Defra downgrades wheat figures

Official figures released by Defra this week saw close to a further half a million tonnes shaved off the UK’s wheat harvest estimate – giving the lowest overall production for 40 years.

With official estimates now standing at 9.685 million tonnes, the figure also represents a fall of more than 40% on the 2019 harvest.

The changes are due to falls in both the area and yield estimates. Defra has now pegged the total wheat area in 2020 at 1.387Mha - 23.6% below 2019 figures.

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The organisation said that the main shift in overall production had been due to updated yield estimates with the UK average yield now pinned at 7.0t/ha, down from the 7.2t/ha estimated in October.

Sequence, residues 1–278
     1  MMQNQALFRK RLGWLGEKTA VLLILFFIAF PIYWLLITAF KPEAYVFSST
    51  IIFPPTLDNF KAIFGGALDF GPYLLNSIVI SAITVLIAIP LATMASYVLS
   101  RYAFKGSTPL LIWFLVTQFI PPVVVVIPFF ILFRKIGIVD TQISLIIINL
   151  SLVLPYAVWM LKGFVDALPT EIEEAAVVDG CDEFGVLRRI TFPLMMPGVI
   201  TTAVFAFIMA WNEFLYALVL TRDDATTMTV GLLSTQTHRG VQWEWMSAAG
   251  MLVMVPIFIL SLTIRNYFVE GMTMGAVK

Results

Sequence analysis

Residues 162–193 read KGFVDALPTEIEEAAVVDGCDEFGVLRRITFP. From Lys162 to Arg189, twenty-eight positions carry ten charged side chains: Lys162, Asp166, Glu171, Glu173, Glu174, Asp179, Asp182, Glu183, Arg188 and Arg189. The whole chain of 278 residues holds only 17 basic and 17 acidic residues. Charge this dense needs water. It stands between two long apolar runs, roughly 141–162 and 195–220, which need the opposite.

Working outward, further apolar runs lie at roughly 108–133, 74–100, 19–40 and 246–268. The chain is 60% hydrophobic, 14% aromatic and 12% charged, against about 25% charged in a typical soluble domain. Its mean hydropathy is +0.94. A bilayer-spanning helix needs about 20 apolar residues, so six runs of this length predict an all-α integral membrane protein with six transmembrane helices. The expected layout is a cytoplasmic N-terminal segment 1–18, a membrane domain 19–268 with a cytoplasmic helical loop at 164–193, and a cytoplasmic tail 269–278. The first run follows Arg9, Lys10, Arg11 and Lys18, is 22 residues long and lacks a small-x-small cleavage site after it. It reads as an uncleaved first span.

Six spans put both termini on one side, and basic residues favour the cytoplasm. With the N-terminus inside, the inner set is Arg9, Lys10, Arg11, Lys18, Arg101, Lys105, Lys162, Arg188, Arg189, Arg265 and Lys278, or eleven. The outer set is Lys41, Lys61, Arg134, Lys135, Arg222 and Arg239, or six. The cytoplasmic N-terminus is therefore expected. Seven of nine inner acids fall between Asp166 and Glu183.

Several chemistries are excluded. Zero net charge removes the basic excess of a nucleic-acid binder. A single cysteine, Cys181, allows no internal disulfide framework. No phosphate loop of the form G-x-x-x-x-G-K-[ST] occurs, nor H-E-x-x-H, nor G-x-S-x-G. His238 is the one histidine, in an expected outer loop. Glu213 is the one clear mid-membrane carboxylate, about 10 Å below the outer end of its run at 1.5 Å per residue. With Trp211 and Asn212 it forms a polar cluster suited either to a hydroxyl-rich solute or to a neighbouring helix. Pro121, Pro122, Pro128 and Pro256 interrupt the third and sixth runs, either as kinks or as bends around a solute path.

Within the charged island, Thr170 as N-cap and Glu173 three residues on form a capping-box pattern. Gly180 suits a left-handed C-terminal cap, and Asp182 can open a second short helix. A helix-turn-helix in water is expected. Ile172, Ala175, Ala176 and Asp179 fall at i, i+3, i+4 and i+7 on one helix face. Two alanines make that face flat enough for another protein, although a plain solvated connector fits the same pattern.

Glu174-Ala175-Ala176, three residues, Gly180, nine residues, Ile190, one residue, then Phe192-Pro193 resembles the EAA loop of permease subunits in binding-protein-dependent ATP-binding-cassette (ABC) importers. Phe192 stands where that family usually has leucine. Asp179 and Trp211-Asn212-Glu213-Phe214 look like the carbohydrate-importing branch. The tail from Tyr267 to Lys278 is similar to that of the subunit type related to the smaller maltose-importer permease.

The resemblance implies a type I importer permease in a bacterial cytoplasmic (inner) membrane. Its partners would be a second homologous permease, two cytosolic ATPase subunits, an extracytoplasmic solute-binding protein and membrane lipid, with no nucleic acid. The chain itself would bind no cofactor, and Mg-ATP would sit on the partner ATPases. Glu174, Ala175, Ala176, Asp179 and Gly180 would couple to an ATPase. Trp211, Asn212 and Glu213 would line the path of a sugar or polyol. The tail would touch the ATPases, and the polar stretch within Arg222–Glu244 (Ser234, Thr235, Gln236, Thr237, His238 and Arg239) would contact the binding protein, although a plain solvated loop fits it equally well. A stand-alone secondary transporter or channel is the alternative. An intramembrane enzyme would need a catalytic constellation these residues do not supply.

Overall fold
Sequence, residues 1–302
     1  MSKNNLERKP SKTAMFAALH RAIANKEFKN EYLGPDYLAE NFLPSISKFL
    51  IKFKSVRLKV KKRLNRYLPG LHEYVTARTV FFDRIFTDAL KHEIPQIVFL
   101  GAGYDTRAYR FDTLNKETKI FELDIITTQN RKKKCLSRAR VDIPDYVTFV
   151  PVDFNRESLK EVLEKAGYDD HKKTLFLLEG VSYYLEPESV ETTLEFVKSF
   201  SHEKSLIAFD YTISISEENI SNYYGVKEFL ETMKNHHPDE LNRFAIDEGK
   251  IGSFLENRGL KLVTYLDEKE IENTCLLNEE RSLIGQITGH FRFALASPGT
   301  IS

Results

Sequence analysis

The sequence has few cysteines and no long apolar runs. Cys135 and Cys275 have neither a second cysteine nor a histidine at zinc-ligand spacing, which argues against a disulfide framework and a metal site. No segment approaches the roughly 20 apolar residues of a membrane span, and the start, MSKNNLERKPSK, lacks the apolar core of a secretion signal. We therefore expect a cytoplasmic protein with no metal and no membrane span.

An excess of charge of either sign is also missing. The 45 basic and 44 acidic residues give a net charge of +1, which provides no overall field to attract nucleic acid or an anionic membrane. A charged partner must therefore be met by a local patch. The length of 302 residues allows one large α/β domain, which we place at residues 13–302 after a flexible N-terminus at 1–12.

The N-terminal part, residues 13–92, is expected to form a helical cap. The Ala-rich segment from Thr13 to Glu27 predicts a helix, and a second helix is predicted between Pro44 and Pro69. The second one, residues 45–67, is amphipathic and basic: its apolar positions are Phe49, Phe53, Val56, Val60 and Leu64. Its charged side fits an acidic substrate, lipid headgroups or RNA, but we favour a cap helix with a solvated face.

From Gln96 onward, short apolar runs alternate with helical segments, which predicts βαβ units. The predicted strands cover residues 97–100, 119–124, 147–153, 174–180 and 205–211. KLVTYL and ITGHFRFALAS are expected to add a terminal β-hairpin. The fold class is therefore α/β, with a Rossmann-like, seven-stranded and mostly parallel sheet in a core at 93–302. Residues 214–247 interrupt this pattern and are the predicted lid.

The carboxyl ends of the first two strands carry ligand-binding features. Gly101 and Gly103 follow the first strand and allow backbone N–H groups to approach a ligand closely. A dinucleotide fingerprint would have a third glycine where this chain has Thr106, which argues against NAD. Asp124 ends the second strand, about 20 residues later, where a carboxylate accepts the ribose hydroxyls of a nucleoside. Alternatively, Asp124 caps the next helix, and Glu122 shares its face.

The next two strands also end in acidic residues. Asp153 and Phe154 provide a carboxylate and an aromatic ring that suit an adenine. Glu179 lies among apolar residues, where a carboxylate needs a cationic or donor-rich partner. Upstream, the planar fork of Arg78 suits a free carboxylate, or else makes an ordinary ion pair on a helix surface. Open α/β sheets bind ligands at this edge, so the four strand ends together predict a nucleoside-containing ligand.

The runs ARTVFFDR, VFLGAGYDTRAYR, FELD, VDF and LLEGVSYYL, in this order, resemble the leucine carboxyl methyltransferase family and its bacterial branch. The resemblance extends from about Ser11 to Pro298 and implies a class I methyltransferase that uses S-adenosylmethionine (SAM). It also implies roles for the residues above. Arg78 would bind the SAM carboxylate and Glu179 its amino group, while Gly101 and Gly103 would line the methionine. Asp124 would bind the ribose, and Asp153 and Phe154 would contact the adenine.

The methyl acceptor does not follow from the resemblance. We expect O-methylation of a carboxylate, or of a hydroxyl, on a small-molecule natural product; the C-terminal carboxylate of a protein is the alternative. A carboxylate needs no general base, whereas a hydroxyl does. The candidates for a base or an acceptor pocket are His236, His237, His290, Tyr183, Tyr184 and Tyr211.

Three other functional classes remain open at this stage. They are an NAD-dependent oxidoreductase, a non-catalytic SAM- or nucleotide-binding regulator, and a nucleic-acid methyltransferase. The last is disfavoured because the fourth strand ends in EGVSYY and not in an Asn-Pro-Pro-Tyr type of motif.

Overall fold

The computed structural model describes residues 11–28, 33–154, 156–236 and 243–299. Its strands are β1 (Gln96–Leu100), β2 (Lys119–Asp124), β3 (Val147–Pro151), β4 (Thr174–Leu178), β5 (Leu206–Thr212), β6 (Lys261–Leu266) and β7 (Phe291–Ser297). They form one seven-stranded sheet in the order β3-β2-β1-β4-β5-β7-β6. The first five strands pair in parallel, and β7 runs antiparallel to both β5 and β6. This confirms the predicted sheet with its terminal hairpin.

“This is a stark decline from the five year average of 8.4t/ha. With the new area and yield in mind, England accounts for an estimated 433Kt of the total 475Kt decline from the 10.1Mt figure published in October,” said Defra.

In Scotland, total production of the main cereal crop, barley, increased year-on-year by 7.4% to 2.086Mt – but in England, where the planting of higher yielding winter varieties had shrunk, the reduction was more than enough to see the UK’s overall figure fall.

Alex Cook, an analyst with the Agricultural and Horticultural Development Board said that having a sub-10Mt wheat crop confirmed would increase import requirements and could support domestic prices. He added that less barley also reduced exportable surplus and eased pressure on domestic barley prices.

However he added on-going uncertainties over trade deals and tariff impositions still hung over the market.